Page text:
Silvia Hamilton delivers with style for 50 years
Like a bright yellow rose, Silvia Hamilton is a beacon of business success and community service in Cambridge City.
“She is indispensable,” believes Beth Leisure.
“She’s just a terrific person. She’s willing to do anything for the city,” says Alan Austin.
Leisure and Austin are both business owners and active civic leaders in Cambridge City.
Renee Doty has discovered how involved — and appreciated — Silvia is by her peers.
“She is a really funny, warm, engaging person,” says Doty, the manager of community affairs for the Economic Development Corporation of Wayne County: “Her life story is pretty amazing.”
Silvia told that story at the recent Cambridge City Chamber of Commerce annual dinner, where the attendees listened closely to the businesswoman who epitomizes small-business economic development.
She was presented with diamond earrings and a special cake at the event to honor her 50 years in business — and her amazing community contributions.
She was hugely disappointed when historic Cambridge City suffered for years with empty buildings and storefronts: “I hate to see things deteriorate.”
Now, she is thrilled that restaurants and antique stores are flourishing, that there is a new library, a new community meeting hall and much more. “We have young blood that’s put money into these buildings,” Silvia says. “It’s like seeing a rebirth.”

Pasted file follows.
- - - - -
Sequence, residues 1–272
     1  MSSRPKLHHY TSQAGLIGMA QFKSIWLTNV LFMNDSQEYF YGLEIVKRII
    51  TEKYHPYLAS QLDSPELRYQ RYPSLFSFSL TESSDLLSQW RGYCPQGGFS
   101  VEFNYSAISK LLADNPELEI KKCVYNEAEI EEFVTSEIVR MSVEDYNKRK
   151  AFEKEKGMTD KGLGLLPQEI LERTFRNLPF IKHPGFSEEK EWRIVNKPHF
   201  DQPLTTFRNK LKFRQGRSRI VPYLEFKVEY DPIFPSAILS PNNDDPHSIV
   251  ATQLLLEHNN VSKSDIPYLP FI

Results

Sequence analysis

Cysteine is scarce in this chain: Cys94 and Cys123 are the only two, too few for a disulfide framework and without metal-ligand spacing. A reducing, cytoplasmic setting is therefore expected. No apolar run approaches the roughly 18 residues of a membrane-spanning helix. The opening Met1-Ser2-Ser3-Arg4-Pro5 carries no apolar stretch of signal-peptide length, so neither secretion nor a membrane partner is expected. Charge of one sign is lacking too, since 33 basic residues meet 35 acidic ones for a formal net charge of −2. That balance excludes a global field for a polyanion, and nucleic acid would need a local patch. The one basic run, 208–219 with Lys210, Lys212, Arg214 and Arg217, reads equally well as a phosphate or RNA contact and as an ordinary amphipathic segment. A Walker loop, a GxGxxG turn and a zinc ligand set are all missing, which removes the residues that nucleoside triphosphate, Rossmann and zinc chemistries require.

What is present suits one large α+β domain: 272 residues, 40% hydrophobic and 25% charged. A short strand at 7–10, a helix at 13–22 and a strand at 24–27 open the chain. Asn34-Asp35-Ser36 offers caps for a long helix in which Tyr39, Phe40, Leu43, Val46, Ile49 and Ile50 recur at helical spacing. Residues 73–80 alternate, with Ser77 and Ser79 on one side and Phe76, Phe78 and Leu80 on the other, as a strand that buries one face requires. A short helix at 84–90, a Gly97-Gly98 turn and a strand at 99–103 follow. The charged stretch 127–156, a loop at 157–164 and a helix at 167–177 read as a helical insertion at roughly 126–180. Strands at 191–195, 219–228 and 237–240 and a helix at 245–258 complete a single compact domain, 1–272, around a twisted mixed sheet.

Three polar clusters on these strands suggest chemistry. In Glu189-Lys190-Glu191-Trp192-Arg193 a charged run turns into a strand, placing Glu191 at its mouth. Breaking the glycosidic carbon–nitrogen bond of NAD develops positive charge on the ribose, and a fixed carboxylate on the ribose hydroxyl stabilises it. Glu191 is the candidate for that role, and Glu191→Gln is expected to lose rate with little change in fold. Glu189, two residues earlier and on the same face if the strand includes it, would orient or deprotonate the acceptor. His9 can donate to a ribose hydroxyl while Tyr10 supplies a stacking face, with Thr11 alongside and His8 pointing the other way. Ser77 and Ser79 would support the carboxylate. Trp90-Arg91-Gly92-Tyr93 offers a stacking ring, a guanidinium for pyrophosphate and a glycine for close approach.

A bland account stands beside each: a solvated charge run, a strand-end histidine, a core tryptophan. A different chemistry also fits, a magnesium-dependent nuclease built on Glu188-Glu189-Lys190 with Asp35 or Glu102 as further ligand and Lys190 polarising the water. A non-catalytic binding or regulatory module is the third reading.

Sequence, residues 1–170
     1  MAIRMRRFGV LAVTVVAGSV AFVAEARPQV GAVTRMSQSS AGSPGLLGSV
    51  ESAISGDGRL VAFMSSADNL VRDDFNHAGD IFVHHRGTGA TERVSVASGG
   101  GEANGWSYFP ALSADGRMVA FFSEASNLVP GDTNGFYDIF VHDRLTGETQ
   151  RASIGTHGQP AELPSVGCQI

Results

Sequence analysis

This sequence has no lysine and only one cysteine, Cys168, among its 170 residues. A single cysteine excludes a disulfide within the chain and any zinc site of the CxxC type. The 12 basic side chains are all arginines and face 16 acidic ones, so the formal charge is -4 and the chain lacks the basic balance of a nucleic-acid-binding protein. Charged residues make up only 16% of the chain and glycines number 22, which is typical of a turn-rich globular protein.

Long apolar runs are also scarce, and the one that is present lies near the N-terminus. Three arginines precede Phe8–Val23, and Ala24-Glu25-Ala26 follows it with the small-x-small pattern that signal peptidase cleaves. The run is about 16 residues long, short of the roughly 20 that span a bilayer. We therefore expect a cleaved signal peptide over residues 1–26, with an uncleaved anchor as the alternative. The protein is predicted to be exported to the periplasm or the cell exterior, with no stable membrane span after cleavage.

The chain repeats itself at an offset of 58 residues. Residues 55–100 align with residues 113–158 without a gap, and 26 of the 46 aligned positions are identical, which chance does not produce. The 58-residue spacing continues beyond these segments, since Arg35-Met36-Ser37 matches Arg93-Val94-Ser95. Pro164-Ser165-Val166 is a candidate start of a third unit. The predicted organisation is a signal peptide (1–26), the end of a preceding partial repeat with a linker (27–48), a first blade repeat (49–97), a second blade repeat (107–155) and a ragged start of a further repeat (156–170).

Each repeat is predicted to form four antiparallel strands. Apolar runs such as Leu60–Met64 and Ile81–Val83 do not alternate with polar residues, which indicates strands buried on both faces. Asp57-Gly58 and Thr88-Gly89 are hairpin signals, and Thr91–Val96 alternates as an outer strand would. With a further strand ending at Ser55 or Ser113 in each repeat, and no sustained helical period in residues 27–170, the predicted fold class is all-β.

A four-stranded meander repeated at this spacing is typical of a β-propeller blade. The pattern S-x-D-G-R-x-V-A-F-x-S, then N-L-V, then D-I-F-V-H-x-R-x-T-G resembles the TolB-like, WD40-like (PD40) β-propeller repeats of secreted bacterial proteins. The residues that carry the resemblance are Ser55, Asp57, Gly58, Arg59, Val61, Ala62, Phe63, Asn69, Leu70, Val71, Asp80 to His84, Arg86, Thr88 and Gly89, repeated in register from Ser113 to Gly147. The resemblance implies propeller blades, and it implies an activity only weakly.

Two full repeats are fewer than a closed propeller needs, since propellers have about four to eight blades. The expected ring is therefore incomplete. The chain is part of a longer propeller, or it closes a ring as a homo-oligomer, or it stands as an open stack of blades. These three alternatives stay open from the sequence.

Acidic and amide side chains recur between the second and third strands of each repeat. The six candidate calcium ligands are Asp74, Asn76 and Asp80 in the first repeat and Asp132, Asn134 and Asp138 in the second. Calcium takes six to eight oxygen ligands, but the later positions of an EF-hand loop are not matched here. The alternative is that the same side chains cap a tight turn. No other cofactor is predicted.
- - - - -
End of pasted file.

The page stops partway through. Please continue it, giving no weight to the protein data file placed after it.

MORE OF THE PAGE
Her enthusiasm and hard work helped pave the way for that rebirth.
She does so many behind-the-scenes things, agree Leisure and Austin.
“You can’t put a price on that. She is so dedicated,” says Leisure, who is president of the chamber and owner of National Road Antique Mall and The Archive, a new meeting space in the former library building.
Austin owns Waskom Capitol Hill Chapel funeral home.
He and Silvia meet over breakfast every morning during the community’s signature event — Canal Days — to plan and set up the popular parade.
As a beautician and owner of the flourishing flower shop Roses & Rainbows, Silvia deals with many residents’ lives from birth to death — and every celebration in between.
The businesswoman who values longevity and staying power still works each Saturday morning with the first customer she had as a beautician — at age 19 in 1965. Appropriately, that woman’s name is Rose Rybolt.
Silvia deals with customers the way she learned from her World War II veteran father and her war bride mother from Italy: cultivating strong families and communities, working long hours, treating everyone with respect, being conservative — yet open to change and opportunities.
One of the behind-the-scenes services she provides is hairstyling for deceased former clients. She didn’t want to do it at first, when a funeral home director said to her: “I need you to do Myrtle’s hair,” he said. “Make her look great.”
Now, she sees doing that role as another form of personal service, just as finding the right floral arrangement for a funeral: “It’s the last gift I can give to them.”
It’s another form of doing things right — from beginning to end. “If everybody in business would go by the Golden Rule, we’d be better off,” she says.